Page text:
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« Anarchy Unbound on Cato Unbound | Main | How Persistent Can a Failed Ideology Be? »


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It was amusing to see Dani drawing on Keynes and polemics against the dreaded "classicals" to support his case because the attack missed the target by a wide margin. As thought the classicals could not understand that free trade could be corrupted by interventions of various kinds.

See Larry White's very insightful comments on this issue posted at Division of Labor.


There is a third alternative to the simplistic first and second best approach, that is to adopt a more or less sophisticated situational analysis to weigh up the downstream consequences of various policies, not just a supply and demand analysis but an appraisal of the institutional forces in place and the comparative strengths of the different interests. Bill Hutt got hold of this, the responsible economist can give advice on the best option and can also provide a second option if the politician thinks it is too hard to do the right thing - as Keynes thought it was too hard to take on the trade unions in the 1930s.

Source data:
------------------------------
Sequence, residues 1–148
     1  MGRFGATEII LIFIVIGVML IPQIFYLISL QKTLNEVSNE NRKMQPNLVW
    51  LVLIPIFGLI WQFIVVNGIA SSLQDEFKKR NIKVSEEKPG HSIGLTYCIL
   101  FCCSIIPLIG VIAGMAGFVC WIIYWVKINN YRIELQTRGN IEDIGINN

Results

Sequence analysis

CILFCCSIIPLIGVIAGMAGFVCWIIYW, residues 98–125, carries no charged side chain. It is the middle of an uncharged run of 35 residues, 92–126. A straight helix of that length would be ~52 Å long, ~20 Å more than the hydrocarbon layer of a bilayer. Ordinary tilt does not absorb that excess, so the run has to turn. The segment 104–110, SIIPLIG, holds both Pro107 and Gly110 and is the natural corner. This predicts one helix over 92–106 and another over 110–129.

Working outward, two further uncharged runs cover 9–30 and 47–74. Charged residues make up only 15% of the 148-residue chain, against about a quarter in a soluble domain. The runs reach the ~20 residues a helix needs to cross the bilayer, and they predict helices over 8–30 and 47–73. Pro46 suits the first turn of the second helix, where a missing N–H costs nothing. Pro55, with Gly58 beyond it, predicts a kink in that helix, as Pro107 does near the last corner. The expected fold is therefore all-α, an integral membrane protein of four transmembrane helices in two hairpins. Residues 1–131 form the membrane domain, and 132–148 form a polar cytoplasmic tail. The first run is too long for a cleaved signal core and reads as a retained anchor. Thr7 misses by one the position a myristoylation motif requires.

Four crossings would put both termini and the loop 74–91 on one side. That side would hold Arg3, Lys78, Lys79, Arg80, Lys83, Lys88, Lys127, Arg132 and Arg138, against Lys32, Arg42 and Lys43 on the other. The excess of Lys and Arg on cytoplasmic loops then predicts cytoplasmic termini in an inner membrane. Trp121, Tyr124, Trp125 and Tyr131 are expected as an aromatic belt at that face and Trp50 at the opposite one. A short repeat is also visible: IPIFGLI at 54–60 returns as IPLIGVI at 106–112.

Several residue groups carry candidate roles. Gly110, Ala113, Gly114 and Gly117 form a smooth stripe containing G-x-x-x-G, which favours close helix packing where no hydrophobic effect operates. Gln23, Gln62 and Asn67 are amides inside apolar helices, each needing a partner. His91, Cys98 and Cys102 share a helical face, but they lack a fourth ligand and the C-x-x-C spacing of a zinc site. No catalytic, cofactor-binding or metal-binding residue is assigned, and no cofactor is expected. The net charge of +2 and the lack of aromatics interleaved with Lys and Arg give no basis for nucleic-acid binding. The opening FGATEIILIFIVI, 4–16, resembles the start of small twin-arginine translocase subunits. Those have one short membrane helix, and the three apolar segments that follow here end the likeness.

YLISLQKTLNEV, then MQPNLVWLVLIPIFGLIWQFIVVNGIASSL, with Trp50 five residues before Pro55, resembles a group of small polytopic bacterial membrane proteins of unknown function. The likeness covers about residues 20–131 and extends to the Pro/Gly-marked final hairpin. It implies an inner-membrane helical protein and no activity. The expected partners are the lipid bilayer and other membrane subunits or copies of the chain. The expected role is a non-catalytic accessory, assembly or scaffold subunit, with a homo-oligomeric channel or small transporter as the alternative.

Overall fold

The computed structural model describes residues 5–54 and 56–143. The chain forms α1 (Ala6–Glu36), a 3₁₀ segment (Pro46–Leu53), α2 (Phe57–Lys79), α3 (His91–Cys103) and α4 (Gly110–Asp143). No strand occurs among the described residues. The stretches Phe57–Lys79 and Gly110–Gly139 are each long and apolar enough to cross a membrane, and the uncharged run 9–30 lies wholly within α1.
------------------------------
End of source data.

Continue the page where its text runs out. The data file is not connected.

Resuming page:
In Politically Impossible: An Essay on the Supposed Electoral Obstacles Impeding the Translation of Economic Analysis into Policy Hutt proposed a "dual formula" for economists to deal with the problem of unpopular policies. He quoted Milton Friedman on the duty of economists to prescribe what should be done, without courting political approval. He then noted that Friedman had departed from his own advice on occasions.

"Friedman's maxim implies that the economist's role is to do this (the ideal) and not to do that (the expedient). I suggest it is the economist's role and duty (in public policy discussions) to do both. Why should not advice proferred typically take the form of saying to the politicians (and indirectly to electorates) with complete candour, something like the following?"

'In our judgement, the best you will be able to get away with is programme A along the following lines; but if you could find a convincing way of really explaining the issues to the electorate, our advice would have to be quite different. We should have to recommend programme B along the following lines'."


"I am not suggesting that economists ought ever close their eyes to political realities. On the contrary, when they are concerned with the practical applications of their science, they ought in every instance to bring voting prospects into the picture - but explicitly."

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